Va. Cattlemen Collect Buyer Feedback During Annual Pa. Visit
LANCASTER, Pa. — Two groups of Virginia cattle producers, traveling independently of one another, came to Pennsylvania recently to visit some of the people who buy their feeder calves and to see the animals they raised on feed.
Several members of the Central Virginia Cattlemen’s Association and the Buckingham County Cattlemen’s Association made the trip. Both groups said they were very pleased with what they saw.
Steve Hopkins, the Extension agent accompanying the Central Virginia Cattlemen’s group, said it was a “real good trip.”
Hopkins’ nine-member delegation visited 12 farms and was disappointed that they had to leave before visiting more. The farms had purchased 18 loads of cattle from association members, mostly last August, he said.
“The cattle got along well,” Hopkins said. “We were very pleased with them.”
Most of the animals are scheduled for harvest in April, he said. They were sold from the livestock market at Radiant, Va., and were BQA-, source- and age-verified. They have been finished on corn silage and grain and now weigh in the 1,200- to 1,300-pound range, he said.
Hopkins said the group has been making such visits since 1998, and they have gotten to know the cattlemen and learn the type of animals that they need.
“The more you talk to folks in other areas, the more you learn they are facing the same issues we are,” he said.
Jennifer Ligon, Buckingham County Extension agent, said her group was able to visit with a handful of the farmers that bought cattle at their August feeder calf sale, which is held the first Monday night of August each year.
“The Buckingham Cattlemen’s Association (BCA) works hard to use a superior health and genetics program for cattle production,” she wrote in an email. “They have been visiting their calves in Pennsylvania for the past 15 years, discussing with feedlot farmers the good points and potential areas of improvement for their calves.
“What they have experienced with the Pennsylvania farmers has been positive feedback on cattle that are extremely uniform, grow efficiently and at a rapid pace, rarely have to be treated and have a disposition that makes feeding and working with these calves very enjoyable,” Ligon wrote. “The BCA was very happy to hear of their cattle’s success in the Pennsylvania feedlots, but still inquired on how they can make their sale better for the buyers, questioning sale timing and multiple-day pickup.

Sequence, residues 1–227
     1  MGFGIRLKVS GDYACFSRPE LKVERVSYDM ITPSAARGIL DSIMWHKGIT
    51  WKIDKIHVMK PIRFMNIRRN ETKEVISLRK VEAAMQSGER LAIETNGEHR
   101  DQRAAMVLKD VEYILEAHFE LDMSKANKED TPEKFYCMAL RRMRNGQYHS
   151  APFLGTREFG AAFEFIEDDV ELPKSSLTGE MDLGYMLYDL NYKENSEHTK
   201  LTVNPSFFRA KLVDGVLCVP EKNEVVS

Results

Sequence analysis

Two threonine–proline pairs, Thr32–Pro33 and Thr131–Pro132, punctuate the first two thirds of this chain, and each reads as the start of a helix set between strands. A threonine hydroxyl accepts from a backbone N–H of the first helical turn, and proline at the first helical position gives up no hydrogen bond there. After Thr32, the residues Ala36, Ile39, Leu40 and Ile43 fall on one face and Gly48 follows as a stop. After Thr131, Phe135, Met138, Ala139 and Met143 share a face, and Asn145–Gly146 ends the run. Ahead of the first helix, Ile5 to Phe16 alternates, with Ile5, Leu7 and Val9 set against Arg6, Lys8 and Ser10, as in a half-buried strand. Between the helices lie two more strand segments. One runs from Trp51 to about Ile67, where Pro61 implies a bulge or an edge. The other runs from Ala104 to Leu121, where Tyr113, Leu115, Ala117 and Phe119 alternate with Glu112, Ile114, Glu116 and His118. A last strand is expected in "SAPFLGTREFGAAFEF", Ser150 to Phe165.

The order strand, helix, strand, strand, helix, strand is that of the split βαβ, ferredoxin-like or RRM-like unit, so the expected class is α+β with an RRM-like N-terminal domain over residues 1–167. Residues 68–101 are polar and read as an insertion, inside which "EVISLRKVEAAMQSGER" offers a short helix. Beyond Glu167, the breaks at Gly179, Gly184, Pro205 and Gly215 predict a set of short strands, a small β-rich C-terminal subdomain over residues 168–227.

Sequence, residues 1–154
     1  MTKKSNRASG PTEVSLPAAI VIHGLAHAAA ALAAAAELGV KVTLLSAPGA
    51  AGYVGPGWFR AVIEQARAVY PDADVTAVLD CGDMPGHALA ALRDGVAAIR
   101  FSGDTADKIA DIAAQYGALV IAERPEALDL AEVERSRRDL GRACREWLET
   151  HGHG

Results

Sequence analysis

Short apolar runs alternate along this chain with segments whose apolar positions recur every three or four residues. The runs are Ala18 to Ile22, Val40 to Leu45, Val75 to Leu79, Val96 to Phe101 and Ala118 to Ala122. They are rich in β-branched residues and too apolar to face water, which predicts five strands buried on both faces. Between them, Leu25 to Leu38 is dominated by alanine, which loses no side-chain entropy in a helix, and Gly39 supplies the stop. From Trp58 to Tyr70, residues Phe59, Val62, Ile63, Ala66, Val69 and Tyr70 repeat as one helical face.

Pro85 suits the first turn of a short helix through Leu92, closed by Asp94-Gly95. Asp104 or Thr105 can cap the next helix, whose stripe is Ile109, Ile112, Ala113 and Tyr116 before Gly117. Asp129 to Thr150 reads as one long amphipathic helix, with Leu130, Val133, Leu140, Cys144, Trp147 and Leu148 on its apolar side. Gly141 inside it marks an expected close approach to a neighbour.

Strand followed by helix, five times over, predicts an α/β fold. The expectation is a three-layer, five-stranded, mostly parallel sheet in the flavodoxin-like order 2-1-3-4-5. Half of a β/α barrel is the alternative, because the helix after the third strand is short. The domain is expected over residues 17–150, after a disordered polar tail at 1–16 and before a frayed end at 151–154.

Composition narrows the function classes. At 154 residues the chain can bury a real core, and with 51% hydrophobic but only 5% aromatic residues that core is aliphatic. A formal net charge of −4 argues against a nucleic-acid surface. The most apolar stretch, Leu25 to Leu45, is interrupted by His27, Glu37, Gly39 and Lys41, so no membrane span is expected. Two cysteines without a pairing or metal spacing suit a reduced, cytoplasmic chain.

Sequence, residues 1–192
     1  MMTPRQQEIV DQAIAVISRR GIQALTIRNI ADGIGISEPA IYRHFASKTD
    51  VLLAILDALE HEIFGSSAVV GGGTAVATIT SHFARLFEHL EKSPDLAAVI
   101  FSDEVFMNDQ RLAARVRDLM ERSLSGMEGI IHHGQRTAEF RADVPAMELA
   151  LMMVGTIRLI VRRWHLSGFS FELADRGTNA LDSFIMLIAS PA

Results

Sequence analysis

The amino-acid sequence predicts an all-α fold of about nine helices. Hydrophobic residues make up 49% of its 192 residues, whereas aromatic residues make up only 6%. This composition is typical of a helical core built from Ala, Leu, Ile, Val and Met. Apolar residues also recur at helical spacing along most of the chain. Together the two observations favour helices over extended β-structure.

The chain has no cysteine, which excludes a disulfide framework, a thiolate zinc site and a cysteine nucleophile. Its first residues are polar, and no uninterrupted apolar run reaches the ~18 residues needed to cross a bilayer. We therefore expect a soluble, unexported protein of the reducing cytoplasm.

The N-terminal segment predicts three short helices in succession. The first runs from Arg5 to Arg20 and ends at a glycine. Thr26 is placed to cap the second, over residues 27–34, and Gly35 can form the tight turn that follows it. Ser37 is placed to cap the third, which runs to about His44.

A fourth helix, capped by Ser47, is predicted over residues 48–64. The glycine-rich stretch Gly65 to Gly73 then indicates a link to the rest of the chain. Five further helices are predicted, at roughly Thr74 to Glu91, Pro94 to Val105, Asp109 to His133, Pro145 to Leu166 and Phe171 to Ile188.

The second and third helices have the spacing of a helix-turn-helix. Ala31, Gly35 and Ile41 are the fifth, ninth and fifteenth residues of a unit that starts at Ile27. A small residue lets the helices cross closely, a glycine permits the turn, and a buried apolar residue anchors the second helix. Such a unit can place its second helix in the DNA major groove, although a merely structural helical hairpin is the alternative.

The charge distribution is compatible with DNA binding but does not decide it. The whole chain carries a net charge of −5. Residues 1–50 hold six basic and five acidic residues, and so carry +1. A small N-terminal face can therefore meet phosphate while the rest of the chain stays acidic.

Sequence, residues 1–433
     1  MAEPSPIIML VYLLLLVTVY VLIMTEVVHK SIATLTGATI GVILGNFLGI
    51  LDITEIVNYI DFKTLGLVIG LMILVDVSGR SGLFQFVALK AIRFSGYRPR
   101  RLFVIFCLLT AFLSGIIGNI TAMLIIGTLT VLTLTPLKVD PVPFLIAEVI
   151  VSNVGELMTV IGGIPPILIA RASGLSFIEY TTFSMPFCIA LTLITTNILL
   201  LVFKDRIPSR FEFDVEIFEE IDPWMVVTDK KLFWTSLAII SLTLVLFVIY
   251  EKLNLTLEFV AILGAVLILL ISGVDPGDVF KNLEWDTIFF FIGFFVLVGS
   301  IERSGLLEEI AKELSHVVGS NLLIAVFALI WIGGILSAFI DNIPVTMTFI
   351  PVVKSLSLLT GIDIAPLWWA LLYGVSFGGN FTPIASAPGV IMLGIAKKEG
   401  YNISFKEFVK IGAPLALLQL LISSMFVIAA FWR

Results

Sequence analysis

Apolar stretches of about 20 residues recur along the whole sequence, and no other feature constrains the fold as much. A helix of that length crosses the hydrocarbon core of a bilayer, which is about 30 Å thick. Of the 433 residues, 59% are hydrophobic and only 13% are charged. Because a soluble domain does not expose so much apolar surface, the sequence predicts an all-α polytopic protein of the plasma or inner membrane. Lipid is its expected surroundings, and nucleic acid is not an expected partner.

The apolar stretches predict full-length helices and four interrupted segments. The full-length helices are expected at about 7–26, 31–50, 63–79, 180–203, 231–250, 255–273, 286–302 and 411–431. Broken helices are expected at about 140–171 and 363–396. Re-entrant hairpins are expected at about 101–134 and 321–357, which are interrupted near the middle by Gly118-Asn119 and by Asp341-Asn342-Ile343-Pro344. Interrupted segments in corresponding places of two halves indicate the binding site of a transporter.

“The BCA enjoys working with the Pennsylvania buyers and strives to make buying Buckingham Cattlemen’s Association’s cattle a great experience.”
Hopkins said the Pennsylvania cattle producers are always great hosts and enjoy having the Virginians visit them. He said the groups have gotten more value (for their animals) by building relationships with their customers. They enjoy seeing their cattle and talking with the people who finish them.
Butch Foster, fieldman for the Virginia Cattlemen’s Association, traveled to Pennsylvania with the Buckingham group and then joined the Central Virginia delegation.
Foster is enthusiastic about the annual trips, saying they help both buyer and seller. He pointed out that the cattle are sold by tel-o-auction, so the buyers do not see the sellers during the sale. The trips give the buyers a chance to put a face to the name they see on the cattle they buy.
Foster said the trip gives the cattlemen from both states an opportunity to talk about the strengths and weaknesses of the cattle and gives the Virginia producers a chance to improve their cattle to meet the buyers’ needs. He was happy to report there was no negative feedback this year.<\c> Photos by Margaret Gates
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A delegation from the Central Virginia Cattlemen’s Association recently visited 12 Pennsylvania farms that purchased cattle from association members. Shown at the Raymond Hoover Farm in Lebanon County, Pa., are, front row from left, Henry Maxey, Roger Scott, Butch Foster, Steve Hopkins and John Goodwin; and back row, from left, Lee Durrer, David Norford, James Kean and Jay Calhoun.
Lebanon County, Pa., farmer Raymond Hoover, left, discusses the cattle he purchased with Virginia cattlemen Jay Calhoun, center, and Butch Foster.